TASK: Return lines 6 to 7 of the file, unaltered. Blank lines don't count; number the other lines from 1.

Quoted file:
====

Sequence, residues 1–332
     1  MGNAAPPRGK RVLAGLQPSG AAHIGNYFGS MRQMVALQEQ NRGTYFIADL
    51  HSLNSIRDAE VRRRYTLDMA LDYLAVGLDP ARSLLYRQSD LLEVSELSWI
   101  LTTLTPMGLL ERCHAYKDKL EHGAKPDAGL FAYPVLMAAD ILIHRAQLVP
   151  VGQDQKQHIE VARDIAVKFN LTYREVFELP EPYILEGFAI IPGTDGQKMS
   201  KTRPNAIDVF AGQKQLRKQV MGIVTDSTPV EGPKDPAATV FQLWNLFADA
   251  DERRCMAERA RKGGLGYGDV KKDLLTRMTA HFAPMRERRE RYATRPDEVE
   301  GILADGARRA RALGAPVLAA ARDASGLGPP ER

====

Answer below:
   201  KTRPNAIDVF AGQKQLRKQV MGIVTDSTPV EGPKDPAATV FQLWNLFADA
   251  DERRCMAERA RKGGLGYGDV KKDLLTRMTA HFAPMRERRE RYATRPDEVE